As a quick recap of the nonsense I just mentioned, players are paying, to stop other players, from likely never seeing what they’re helping to uncover.
An artists rendition of what an average Curiosity player looked like upon hearing the “pay to reverse” aspect of the game.
As the article I linked to stated, and the writer Mike Rose has already aptly pointed out, Peter Molyneux has successfully monetized trolling with this in game option. I suppose Peter wanted to start outsourcing the trolling, after so many years of being exhausted of doing it himself. If this recent move is any indication, Curiosity possesses a greater aspiration to the psychotic than I had once imagined. With the situation of the concept degrading into further madness as time goes on, through the help and (un)intentional? abuses of the 22cans development team, and the king of Trolls himself, Peter “The Fable” Molyneux.
A sneak peek at the upcoming biography of Peter Molyneux
So, what does this all mean?
Going back to my opening sentiment, this all feels really weird.
Yes, this weird.
Yet, upon further inspection, an Android game is attracting people by novelty alone, gamers are unnecessarily paying for useless shit to be used in game, and Peter Molyneux continues to talk absolute shit about video games again.
Externally speaking, a pretty normal week in gaming.
I must say, this whole Curiosity concept has my analytical abilities at a stand still. I think that in some odd twist, Peter Molyneux has come up with a concept so insane, it 360’s back into the rationale. While the game doesn’t really possess any real design aspects to speak of, the players find reasons to keep coming back to participate. The only real “win condition”, is one that 99.9999% of all players won’t achieve, and may not even ever known about, yet they still try to help the group “win” by tapping away the cubes. The game even features players working against other players, but gain no sense of domination over them, or any in game benefit from doing so. In fact, they even lose real money in the act. If anything, they are putting themselves at a real world disadvantage for a personally perceived notion of 1-up man ship, or some abstract sense of virtual reality non-conformity.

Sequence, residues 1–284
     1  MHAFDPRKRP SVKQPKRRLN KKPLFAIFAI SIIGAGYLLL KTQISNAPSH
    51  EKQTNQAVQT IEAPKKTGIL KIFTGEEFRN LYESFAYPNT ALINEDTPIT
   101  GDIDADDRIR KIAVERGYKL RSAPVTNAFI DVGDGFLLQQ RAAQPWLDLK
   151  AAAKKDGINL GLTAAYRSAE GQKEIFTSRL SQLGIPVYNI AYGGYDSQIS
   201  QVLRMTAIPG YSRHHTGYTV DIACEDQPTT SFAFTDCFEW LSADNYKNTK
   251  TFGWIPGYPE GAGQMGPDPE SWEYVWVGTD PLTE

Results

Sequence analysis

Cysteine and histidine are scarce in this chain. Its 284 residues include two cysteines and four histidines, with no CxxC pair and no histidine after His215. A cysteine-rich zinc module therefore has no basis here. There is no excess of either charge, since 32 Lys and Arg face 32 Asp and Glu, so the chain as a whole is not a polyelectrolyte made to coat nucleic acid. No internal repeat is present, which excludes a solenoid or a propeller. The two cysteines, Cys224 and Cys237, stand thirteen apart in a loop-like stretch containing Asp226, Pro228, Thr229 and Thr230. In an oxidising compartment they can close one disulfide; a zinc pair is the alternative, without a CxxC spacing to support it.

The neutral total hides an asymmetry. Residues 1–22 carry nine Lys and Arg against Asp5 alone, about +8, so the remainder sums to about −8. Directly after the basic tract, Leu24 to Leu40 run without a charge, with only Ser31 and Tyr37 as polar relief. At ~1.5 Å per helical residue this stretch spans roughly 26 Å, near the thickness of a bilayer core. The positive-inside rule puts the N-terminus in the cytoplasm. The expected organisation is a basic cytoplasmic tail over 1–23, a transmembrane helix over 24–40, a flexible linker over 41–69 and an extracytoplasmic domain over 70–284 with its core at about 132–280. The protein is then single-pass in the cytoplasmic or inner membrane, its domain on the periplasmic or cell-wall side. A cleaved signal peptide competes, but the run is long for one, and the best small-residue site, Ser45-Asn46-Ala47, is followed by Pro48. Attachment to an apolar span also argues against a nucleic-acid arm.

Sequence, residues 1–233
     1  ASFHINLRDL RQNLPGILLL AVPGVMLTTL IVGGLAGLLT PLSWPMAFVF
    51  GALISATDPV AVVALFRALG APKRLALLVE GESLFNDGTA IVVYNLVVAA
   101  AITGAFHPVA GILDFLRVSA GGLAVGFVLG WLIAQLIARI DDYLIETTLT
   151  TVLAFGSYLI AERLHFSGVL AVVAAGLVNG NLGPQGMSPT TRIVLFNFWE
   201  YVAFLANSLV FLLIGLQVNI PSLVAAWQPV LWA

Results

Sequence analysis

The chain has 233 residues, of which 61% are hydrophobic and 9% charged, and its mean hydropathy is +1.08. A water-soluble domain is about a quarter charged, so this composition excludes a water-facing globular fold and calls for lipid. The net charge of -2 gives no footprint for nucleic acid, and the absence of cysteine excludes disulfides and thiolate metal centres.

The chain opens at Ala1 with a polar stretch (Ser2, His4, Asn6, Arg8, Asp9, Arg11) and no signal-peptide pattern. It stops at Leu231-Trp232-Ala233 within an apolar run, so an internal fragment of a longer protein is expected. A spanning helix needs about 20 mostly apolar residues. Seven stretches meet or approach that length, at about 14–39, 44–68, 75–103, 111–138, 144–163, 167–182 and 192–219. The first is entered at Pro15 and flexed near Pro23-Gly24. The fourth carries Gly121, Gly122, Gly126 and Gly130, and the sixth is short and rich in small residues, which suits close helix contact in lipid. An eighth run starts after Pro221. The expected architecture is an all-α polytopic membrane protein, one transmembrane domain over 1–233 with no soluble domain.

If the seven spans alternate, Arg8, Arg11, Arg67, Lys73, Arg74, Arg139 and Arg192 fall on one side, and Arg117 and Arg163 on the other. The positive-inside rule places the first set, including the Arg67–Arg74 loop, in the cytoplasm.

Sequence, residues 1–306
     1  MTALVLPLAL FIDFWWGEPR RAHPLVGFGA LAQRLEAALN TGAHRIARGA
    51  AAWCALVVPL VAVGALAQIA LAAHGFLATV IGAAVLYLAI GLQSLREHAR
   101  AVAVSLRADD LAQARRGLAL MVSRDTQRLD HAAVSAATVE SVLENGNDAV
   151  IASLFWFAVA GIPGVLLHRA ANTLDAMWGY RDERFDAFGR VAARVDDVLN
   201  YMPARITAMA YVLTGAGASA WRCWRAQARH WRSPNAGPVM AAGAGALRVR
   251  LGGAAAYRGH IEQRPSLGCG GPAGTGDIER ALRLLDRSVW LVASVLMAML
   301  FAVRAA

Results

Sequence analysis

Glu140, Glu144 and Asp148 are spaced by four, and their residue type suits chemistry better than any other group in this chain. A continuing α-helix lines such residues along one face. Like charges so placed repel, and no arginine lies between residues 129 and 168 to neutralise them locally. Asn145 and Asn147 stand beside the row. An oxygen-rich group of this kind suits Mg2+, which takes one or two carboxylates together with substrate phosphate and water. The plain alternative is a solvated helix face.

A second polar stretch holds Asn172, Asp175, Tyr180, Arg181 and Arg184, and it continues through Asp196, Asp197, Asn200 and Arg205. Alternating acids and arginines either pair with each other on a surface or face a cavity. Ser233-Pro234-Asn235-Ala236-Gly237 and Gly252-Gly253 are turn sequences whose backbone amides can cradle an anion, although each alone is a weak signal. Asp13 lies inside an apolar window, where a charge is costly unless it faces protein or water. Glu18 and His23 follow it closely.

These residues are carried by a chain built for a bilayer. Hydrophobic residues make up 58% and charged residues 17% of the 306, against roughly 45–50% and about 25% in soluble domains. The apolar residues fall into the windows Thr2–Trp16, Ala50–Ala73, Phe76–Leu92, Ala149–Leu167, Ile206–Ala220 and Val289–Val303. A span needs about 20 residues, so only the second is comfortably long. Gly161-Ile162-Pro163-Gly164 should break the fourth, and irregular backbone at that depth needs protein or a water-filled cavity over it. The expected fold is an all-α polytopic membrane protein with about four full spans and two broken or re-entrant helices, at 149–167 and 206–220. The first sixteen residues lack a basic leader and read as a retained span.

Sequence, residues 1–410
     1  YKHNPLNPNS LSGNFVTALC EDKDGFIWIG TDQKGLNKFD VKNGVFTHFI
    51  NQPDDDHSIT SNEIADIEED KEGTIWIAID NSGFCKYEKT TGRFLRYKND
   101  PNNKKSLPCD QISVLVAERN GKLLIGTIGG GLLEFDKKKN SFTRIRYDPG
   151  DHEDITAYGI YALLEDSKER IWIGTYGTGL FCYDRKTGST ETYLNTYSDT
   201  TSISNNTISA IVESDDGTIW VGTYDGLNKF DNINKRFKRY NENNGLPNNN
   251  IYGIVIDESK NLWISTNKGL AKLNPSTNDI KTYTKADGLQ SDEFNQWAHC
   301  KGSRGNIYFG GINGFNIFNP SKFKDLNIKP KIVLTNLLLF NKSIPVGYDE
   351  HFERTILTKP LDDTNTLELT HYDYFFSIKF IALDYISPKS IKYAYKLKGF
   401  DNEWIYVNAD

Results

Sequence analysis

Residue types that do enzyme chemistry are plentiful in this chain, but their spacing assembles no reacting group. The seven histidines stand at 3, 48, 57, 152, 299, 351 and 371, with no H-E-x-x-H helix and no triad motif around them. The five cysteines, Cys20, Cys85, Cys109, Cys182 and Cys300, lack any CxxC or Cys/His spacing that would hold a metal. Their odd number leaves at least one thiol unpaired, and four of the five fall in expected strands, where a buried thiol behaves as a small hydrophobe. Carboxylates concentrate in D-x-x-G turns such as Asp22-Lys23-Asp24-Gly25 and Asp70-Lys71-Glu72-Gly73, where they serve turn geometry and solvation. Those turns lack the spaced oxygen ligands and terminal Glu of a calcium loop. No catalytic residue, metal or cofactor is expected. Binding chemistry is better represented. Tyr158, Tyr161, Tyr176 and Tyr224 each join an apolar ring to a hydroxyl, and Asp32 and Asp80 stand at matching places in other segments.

Pictured: Another cube involving a social experiment.
To imbue a little sense of meaning and sense out of any of this, beyond a slew of parodies and references, I will now speculate in a slightly more serious light.
I won’t take some high brow or hardcore gaming stance on this, with declaration that this isn’t a game. It most certainly is, as observed by the Supreme Court ruling in 2011 , the case involving Brown vs Entertainment Merchants Association. Games being protected under the first amendment, and by extension, being given rights as an art form and freedom of speech, forces a reminder that concepts like Curiosity, need not follow the arcade template of old to dictate a video game experience. The premise of the game simply needs to make you feel, respond, or think, and the title has achieved concurrently, a game, and thusly, a piece of art. Not every piece of art is going to be as revered as the Mona Lisa, mind you, and I will not be the one to stroke Peter Molyneux’s ego with this exact comparative notion.
I simply wish to point out my own struggle, in analyzing the game, and what Curiosity possible represents.
Have we finally reached a point where a game can exist by merely a name, the entertainment an abstraction, and the content our own?
Does Curiosity represent some kind of virtual reality equivalent of Schodinger’s Cat? Does Curiosity represent a first, in creating the proto-type of rhetorical game design? Is this experience some kind of perversely sardonic crowd sourced joke , through the use of irreverent communism?
Or is Peter Molyneux just talking absolute shit about video games again?
I think, in this case, the conclusion is not knowing.